it looks to me like the average person has had no wealth gain since 1999.

all the gains are based on population.

At 6/08/2012 8:49 AM, Blogger morganovich said...


yes, you are compounding error bars.

every cpi figure has them.

thus, the more times you multiply and divide, add or subtract them, the more error you get.

you are not dealing in pure numbers. you are dealing in estimates with error bars.

this is basic statistics.

when dealing with numbers with significant error bars, you want to do as few a calculations as possible, or you will likely wind up with a result that has such a wide confidence interval that you lose any statistically valid trend.

At 6/08/2012 8:59 AM, Blogger morganovich said...


"And I do not believe that Greenspan created that internet bubble."

i don;t think he "created it" either. i think he created the sort of moral hazard in which it could flourish and threw gasoline on it with his interest rate policy.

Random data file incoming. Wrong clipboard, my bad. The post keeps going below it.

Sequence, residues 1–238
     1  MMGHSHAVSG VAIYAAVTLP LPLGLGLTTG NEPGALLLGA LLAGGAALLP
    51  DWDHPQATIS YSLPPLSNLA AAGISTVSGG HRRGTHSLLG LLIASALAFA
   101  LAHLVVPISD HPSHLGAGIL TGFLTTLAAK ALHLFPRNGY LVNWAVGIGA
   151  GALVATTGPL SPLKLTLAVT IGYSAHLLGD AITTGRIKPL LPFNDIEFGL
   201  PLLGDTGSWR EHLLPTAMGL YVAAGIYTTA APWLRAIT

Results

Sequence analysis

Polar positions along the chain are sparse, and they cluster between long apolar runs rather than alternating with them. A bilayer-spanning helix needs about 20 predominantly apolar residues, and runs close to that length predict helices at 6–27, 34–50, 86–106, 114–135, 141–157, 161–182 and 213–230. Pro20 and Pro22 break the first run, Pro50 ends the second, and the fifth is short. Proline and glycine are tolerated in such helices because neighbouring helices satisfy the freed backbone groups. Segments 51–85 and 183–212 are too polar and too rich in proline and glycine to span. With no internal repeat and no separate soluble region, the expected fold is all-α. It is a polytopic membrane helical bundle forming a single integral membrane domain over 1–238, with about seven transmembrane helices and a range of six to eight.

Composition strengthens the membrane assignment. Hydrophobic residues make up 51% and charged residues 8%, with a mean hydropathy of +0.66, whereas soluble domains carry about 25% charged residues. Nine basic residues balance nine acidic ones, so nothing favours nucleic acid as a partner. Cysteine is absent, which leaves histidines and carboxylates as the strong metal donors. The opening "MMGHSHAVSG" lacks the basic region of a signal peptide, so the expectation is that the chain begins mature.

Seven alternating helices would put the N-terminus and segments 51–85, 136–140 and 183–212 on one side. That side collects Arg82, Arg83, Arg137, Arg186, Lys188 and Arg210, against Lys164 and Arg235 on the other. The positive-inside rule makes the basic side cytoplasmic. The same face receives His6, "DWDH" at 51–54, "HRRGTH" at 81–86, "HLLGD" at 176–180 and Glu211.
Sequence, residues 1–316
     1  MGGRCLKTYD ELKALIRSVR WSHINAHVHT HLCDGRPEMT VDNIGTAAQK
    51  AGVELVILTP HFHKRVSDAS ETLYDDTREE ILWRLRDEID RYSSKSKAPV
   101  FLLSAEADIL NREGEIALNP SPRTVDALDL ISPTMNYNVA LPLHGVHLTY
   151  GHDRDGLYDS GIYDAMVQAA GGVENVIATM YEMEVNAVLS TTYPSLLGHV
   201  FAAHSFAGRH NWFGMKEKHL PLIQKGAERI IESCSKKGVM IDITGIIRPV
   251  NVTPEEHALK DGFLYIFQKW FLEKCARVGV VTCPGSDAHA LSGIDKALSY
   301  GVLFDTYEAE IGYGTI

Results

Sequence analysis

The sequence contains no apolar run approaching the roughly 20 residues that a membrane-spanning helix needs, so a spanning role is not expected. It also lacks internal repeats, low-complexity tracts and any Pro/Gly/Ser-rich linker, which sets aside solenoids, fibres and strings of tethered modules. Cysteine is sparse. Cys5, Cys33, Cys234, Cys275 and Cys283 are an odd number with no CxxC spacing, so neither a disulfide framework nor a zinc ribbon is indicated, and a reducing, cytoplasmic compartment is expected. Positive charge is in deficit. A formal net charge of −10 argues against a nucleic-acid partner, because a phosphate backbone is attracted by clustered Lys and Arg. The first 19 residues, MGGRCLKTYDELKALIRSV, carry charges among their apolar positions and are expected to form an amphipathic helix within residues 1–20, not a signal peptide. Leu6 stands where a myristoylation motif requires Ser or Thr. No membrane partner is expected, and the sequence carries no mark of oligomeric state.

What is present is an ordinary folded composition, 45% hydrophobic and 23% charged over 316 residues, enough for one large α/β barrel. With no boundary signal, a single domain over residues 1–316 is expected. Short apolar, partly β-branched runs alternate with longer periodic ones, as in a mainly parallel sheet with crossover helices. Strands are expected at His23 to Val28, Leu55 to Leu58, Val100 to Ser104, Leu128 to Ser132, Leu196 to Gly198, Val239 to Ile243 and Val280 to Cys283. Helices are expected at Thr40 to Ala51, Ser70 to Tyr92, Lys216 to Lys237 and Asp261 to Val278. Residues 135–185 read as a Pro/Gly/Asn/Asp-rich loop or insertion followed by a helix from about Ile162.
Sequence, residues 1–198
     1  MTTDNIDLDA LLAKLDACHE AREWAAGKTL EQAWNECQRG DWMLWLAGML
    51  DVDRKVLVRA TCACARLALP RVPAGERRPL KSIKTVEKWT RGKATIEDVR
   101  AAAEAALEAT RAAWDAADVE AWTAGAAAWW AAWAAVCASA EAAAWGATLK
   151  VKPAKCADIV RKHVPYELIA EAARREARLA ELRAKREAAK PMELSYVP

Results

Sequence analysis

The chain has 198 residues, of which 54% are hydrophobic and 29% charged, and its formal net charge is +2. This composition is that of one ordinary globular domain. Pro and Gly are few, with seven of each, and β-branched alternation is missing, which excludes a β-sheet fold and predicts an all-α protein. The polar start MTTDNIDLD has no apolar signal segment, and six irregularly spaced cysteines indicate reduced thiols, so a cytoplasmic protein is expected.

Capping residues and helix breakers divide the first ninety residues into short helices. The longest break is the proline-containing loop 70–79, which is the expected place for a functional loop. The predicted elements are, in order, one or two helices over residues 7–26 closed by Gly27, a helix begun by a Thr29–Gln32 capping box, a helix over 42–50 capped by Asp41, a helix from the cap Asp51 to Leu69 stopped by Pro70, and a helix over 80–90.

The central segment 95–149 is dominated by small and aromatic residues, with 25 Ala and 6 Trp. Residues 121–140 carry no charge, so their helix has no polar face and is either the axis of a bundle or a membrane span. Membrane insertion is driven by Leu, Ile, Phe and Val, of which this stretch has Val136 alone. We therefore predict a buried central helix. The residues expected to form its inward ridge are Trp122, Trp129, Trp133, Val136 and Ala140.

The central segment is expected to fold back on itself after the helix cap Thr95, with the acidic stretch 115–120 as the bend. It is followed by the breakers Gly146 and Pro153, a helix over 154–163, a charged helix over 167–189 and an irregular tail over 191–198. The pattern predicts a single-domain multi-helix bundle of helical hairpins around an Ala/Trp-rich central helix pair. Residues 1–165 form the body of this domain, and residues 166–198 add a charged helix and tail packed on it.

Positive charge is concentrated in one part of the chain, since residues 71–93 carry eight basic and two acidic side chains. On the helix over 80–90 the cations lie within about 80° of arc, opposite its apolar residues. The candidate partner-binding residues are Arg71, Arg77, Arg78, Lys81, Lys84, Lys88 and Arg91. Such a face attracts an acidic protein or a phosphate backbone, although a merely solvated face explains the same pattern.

i think the same is true of the housing bubble, which, i might add, destroyed more net wealth that the internet bubble and has left a horrible tail of debt behind.

the fed did not cause it, but their ill guided attempts to mitigate the business cycle and the over leverage and the massive moral hazard they created has taken a relatively easy bubble and turned it into a really hard one.

i see no evidence at all the the greenspan/bernake fed is in any way managing the economy to our benefit.

they have mistaken bubbles for growth and printing money for prosperity.

this is why net per capita real wealth is flat with 1999.

these busts are the inevitable result of the bubble economics they seem so enamored of (or at least oblivious to).

my end argument in all this is that the fed ought to have a single mandate: price stability.

as soon as you add in a conflicting goal like "full employment" or "smoothing the business cycle" you get disaster and we wind up here.

i don't know if you remember burns and miller, but they were disasters too.

volcker was the one guy who got it.

we need more of his school not greenspans bubble babies.

At 6/08/2012 9:29 AM, Blogger Jet Beagle said...